The well over a foot of snow we were shellacked with in February is now a distant memory for most of us. The annual appearance of the Easter bunny is right around the corner. Alas, his relatives were having fun chewing on our landscape shrubs and small fruits during the past February snow event.

Another rodent having fun feeding during February was meadow mice, also known as meadow voles. Heavy and consistent snow cover was the perfect recipe for chewing damage by these rodents.

Now that the weather has warmed, gardeners are once again outdoors cleaning their landscape beds and finding the damage left behind by the rodents. Protected by snow cover, the meadow mice gnawed off the outer bark of our shrubs such as viburnums and small fruits such as raspberries in search of the tender green cambium just beneath. The cambium is the area just under the bark that contains the vascular tissue of plants. Likewise, rabbits used the snow cover as a natural ladder for climbing into the crown of shrubs while chewing on the bark and cambium.

Now is the time to check underneath the canopy of our landscape shrubs and small fruits and look for chewing damage of the cambium on smaller twigs and branches. Chewing damage will appear white on the bark instead of dark gray. If the chewing damage completely encircles the twig or branch, the top portion is history and will begin to die back in early summer.

Mouse damage essentially has the same result, but the girdling typically will be found much lower on the trunk. Mice normally have a much greater range of plants they will chew on. Damage is often more irregular, not girdling the whole way around, giving the plant at least a fighting chance to survive. Unfortunately, this is not the case for fruit trees and small fruit crops. These can be completely girdled at ground level where mice have over-wintered. Mice can also chew into the upper canopy of twigs such as in the case of a dense juniper covered by snow. The branches become a superhighway for their movements, and the snow cover protects them from predators such as hawks.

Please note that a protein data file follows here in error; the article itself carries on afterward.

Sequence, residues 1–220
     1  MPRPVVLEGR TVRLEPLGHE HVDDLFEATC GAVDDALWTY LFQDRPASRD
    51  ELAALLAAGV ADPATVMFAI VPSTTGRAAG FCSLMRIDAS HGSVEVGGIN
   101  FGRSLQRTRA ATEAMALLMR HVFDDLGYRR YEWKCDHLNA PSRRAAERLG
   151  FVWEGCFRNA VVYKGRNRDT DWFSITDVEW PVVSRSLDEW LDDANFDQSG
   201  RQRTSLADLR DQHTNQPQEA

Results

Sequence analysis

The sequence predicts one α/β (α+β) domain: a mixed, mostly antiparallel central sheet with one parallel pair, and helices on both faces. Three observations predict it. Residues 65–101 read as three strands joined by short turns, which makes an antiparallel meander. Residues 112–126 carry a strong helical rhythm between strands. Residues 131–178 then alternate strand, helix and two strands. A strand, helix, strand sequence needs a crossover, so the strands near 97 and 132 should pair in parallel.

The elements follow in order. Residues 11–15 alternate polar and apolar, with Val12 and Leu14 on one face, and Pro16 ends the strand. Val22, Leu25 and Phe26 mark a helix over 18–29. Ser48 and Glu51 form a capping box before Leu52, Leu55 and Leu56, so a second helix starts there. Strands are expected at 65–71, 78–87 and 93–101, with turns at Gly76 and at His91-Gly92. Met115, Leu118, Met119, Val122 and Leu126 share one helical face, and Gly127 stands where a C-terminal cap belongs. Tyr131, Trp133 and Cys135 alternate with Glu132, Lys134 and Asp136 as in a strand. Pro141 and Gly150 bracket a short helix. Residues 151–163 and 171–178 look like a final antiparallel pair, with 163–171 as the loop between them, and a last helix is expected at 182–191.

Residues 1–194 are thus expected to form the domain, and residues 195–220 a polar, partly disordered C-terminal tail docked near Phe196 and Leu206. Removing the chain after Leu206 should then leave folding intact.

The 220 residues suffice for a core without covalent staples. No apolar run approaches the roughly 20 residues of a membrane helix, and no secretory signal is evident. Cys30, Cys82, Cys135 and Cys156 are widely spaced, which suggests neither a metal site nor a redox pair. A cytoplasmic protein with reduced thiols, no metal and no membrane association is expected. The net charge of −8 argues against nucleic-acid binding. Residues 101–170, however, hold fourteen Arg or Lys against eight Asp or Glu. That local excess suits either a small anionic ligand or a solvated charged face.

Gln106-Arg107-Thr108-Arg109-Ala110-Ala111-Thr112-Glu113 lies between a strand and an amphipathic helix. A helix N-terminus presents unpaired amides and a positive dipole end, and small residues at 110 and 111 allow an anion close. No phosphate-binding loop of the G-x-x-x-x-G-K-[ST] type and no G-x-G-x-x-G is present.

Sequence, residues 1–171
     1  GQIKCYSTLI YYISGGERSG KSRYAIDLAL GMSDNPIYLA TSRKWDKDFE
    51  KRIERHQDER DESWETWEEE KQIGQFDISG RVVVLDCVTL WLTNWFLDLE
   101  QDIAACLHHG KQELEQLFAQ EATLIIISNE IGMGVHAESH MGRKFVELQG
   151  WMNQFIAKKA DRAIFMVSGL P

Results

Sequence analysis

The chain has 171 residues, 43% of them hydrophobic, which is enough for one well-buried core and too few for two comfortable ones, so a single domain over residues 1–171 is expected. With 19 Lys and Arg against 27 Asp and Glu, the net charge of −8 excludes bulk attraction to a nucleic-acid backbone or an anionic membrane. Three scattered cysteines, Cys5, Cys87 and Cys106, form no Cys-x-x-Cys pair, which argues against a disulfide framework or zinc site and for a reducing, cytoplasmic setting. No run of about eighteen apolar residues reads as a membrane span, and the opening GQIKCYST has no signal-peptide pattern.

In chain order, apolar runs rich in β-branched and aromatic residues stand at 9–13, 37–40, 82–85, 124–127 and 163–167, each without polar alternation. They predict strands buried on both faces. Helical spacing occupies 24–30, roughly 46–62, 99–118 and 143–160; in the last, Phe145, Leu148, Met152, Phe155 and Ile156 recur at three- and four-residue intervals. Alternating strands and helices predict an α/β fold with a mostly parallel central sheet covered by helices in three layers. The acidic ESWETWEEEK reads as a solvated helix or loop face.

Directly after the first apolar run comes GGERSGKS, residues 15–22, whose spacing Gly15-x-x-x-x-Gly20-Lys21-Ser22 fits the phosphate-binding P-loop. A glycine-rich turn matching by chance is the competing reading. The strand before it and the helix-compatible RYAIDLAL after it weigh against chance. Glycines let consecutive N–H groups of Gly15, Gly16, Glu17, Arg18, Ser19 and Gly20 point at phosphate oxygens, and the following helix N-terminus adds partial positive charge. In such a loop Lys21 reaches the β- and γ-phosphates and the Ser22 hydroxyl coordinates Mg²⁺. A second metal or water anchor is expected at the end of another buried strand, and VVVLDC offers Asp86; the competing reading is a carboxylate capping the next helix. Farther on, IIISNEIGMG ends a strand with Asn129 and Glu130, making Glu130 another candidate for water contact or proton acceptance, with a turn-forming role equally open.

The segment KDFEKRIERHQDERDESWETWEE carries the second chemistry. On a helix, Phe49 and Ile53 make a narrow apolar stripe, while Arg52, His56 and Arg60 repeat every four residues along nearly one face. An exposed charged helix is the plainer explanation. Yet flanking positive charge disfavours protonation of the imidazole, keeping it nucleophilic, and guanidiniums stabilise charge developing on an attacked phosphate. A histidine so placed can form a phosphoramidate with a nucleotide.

Your best defense here is a good offense, so go ahead and get the pruning equipment out and sharpen the blades. On most shrubs, you can cut off the twigs just beneath the girdled portion and the plant will sprout back new shoots all along the stems that are left. If you leave a few long stems that were not fed upon, the plant is likely to look lopsided come next summer. You can expect a mature and healthy shrub or small fruit to regrow quickly back into what it was in about two or three seasons.

To prevent rodent problems next winter, chicken wire (a fine mesh) can be your best friend when it comes to keeping hungry varmints away from valuable specimens. You may only need to encircle the trunk of a tree to about two feet, or you can make a cage to encircle a shrub or fruit crops.

If you live in the country, be observant of natural predators in the area such as hawks, owls and fox. If you can create a perch for predacious birds, such as leaving a dead tree standing, you will invite them to patrol your area. It is surprising how one nice hawk family can keep a rodent population from exploding.

Another idea is to do nothing; some gardeners allow the chewing as nature’s way of natural pruning.

Editor’s note: Portions of this article was used with permission from Rebecca Finneran, Michigan State University Extension Knox County.

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